July 19, 2013 Admin | July 19, 2013 Buying a car is an expensive experience. What is the financially smart way to buy a car IF you need one?
2 thoughts on “July 19, 2013”
Get away from the monthly payment mentality, don’t just show up at a car lot and “look around”, pay cash, buy an older car (at least 2 years old; preferably 3 or 4 years old), research the vehicle you are interested in, prepare a savings plan to buy the vehicle, buy from a private party, take the vehicle for a test drive, take the vehicle to a trusted mechanic, add up the problems on a negotiating worksheet and subtract the cost of fixing them from the price, be willing to walk, don’t try to screw the other party, and detach your self-image from the car.
Once again you have it right, Katherine. Let’s take a look at this situation as we review the best approach for most people and then gradually end up with the worst approach.
Best Approach: Follow Katherine’s advice. Buy a 3 or 4 year old vehicle from a private part at or under the blue book value. Most of the depreciation on the vehicle had already occurred. The previous owner ended up losing the most on the vehicle, not you. Do this with cash and drive the car FOREVER.
Next Best Approach: Do the same thing except buy from a used car dealer. You will pay more simply because you must cover the dealers costs to make it happen.
Next Best Approach: Buy a newer vehicle (private party if possible) that is one or two years old. You will lose more in depreciation, but you will have a newer vehicle that could ultimately last a very long time with proper maintenance and care.
Next Best Approach: Buy a car older than 4 years old. The car will be cheaper, but it will probably not be in as good as shape. You will probably have to replace it earlier than the others. Saying that, if this is all you can afford with cash, then this is the right approach for you until you can afford more car. This approach can be very effective if you do not put on a lot of miles per year.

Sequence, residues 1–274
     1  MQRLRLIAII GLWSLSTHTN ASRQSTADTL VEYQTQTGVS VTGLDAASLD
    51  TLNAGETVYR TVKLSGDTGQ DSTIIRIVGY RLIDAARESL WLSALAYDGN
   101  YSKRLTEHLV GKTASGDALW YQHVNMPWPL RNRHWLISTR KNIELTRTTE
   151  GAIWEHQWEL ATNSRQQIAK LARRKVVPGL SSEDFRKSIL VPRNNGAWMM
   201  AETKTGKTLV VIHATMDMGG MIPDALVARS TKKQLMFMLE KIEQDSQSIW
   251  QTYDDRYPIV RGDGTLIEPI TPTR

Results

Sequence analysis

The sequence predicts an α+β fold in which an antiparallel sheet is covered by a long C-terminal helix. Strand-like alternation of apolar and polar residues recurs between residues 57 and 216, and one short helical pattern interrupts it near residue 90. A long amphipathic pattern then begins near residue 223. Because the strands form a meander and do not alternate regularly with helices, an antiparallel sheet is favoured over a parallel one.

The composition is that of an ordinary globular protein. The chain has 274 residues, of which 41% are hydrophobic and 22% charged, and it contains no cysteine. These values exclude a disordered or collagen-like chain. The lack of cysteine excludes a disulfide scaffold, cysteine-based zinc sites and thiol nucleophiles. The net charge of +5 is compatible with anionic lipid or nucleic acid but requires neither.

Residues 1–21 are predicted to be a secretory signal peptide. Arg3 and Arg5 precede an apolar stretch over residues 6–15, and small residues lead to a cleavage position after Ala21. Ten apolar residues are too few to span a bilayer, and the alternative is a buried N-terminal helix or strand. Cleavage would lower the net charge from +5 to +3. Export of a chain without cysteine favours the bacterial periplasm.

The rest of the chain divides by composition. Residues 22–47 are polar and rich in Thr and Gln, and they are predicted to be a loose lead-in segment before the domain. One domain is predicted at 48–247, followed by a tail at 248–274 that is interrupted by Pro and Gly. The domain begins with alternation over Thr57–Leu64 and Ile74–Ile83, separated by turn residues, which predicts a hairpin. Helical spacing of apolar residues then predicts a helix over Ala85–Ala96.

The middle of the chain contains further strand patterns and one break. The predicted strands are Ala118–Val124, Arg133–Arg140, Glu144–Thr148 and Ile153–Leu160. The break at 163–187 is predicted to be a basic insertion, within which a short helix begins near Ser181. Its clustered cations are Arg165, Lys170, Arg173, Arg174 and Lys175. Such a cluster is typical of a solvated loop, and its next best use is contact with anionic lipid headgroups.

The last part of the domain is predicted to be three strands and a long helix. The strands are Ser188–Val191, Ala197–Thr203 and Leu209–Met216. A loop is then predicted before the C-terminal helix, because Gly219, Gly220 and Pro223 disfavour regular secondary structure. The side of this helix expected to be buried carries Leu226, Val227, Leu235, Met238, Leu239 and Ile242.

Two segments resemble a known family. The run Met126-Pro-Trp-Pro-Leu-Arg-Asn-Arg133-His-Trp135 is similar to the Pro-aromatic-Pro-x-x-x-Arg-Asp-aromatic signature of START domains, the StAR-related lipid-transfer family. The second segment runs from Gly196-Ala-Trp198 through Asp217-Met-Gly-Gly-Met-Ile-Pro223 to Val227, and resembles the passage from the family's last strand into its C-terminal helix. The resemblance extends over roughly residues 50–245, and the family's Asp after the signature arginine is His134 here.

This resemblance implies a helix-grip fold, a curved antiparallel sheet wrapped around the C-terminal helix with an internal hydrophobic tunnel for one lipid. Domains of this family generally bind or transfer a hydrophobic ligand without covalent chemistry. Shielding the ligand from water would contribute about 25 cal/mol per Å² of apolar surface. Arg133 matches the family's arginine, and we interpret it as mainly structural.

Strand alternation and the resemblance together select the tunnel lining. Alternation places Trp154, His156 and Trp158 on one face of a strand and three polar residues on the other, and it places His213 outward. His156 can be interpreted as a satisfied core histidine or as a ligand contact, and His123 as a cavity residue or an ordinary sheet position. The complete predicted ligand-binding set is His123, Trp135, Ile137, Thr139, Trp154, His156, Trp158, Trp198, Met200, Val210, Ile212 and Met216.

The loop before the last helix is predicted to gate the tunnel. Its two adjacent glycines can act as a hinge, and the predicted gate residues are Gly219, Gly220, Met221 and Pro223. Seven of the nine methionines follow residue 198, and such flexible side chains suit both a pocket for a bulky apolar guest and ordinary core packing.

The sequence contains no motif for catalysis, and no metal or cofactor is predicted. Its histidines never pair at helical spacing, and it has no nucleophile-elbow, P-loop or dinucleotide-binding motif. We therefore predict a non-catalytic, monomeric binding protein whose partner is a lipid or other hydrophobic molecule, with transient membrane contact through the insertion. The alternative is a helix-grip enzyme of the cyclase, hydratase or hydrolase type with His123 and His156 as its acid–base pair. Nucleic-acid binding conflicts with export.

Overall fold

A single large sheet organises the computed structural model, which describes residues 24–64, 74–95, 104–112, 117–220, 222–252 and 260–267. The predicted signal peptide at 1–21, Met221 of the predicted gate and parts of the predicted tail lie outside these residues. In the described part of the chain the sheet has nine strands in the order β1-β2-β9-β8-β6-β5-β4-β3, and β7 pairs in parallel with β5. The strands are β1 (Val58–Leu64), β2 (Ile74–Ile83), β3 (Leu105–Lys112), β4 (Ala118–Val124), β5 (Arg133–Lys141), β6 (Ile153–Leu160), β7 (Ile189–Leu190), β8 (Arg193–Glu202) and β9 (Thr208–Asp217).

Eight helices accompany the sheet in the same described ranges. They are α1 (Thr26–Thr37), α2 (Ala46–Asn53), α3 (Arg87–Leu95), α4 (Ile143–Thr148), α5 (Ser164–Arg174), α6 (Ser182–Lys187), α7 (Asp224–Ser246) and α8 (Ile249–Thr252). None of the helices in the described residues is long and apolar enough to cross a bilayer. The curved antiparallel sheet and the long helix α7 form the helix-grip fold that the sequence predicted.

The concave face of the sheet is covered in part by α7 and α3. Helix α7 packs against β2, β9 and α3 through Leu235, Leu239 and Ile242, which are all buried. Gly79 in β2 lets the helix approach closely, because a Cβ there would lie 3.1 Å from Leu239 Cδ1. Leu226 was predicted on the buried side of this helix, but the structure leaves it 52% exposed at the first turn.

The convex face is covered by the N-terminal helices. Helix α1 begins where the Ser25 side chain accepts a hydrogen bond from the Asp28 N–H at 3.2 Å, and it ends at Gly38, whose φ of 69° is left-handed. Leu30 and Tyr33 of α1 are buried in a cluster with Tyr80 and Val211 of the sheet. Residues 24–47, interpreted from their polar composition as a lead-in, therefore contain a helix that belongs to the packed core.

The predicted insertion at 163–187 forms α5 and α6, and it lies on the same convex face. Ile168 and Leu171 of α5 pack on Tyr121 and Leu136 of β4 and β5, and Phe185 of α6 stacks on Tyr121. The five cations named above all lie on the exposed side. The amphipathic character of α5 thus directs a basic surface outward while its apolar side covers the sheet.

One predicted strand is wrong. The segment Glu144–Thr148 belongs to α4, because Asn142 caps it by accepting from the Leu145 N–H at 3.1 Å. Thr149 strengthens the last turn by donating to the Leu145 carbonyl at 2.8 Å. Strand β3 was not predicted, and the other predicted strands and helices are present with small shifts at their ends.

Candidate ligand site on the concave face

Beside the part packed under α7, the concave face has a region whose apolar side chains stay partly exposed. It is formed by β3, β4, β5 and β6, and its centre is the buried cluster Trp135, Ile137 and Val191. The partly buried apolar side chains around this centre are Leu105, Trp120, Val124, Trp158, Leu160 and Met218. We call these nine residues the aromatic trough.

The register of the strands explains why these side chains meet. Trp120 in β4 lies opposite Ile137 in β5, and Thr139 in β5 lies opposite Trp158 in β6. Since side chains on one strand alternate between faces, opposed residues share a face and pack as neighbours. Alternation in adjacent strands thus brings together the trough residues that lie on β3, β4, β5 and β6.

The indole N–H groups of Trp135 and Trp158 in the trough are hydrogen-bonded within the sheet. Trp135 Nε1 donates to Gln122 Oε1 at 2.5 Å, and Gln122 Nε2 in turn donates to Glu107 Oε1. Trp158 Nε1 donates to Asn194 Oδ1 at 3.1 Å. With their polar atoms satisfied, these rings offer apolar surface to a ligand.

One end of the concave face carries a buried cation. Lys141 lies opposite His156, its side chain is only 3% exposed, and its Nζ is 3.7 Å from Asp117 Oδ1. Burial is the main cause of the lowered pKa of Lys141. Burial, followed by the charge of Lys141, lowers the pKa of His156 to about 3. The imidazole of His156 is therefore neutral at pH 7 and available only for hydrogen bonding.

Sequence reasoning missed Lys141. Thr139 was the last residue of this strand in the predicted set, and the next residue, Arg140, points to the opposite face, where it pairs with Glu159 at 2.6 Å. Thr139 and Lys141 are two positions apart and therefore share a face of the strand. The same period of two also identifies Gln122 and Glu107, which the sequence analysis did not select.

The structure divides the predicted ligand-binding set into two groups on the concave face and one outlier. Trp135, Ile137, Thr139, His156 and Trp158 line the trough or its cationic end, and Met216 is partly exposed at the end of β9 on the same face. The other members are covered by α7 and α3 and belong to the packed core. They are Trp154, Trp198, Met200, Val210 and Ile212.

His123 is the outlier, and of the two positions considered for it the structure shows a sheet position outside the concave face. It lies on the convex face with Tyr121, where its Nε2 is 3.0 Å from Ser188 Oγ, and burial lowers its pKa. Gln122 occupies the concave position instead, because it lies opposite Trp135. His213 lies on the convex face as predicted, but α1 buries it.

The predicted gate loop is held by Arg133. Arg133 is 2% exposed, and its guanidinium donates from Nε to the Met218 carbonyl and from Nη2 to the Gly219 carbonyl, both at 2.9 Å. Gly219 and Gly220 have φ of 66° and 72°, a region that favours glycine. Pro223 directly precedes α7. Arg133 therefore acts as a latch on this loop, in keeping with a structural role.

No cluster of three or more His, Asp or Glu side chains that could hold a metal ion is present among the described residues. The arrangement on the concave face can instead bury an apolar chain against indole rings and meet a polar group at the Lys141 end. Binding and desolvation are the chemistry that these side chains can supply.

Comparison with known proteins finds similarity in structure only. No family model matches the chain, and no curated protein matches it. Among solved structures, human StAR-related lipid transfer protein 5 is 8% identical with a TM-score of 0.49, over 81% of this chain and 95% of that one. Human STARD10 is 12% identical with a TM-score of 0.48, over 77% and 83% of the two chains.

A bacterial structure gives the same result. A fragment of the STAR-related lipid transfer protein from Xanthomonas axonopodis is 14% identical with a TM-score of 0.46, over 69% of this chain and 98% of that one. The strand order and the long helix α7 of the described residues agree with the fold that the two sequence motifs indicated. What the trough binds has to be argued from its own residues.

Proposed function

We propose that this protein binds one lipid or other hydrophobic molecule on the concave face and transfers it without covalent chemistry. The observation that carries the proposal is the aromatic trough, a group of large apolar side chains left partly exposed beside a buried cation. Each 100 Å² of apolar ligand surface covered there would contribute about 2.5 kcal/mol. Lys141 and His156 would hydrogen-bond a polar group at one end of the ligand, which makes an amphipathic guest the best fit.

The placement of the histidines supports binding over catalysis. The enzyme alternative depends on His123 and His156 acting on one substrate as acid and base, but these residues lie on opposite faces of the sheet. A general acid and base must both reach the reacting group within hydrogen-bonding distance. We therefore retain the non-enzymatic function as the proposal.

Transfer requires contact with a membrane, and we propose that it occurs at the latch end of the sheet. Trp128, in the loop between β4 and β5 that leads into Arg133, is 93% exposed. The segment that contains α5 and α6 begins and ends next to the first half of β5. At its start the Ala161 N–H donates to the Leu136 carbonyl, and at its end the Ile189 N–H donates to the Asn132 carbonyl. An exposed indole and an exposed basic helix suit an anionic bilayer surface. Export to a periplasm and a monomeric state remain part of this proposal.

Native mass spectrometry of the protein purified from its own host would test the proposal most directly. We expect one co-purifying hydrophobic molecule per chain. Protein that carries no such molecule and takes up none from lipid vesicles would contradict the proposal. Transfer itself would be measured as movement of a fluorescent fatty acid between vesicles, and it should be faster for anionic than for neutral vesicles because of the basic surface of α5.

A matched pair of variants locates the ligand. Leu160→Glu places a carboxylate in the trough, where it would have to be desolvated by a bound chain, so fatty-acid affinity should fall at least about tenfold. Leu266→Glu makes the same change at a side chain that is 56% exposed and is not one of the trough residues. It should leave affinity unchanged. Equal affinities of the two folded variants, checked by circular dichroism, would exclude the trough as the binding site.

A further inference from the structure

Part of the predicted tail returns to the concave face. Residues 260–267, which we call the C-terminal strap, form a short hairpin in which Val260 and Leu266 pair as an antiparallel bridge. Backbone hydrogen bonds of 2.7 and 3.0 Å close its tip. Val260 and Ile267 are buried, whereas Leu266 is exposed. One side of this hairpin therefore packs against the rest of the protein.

Next Best Approach: Buy a new car with cash. You will lose a great deal of money in depreciation, but you will have total control over how the vehicle will be cared for from day 1. This approach can work for people with plenty of money and who can afford to give away a few thousand dollars in depreciation. Most people cannot afford this option. This is why the car business came up with monthly payments. Don’t fall for it. You cannot afford it. Trust me.
Next Best Approach: Buy a new car with a loan. Depreciation and interest will kill your net worth. If you choose to do this, pay off the loan as fast as you can and then hold onto the vehicle for as long as possible. The longer you own it, the less damage you will make to your net worth.
Next Best Approach: Buy the new car and pay it off with the shortest loan you can afford. Extending the length of the loan to reduce your monthly payment is a net worth killer. Don’t do it.
Next Best Approach: Lease a car. You are renting a car you cannot afford. This is an absolutely terrible idea and should be avoided at all times. The dealer loves it because THEY win with this type of agreement. YOU lose!
There you have it, folks. There may be a few things that fall in between some of these approaches, but not many. Cars deplete wealth. Buy them as infrequently as you possibly can and drive them until they are nearly falling apart. Your net worth will thank you for it. All of this becomes infinitely easier once you detach your self-worth from your vehicle. Katherine had it right.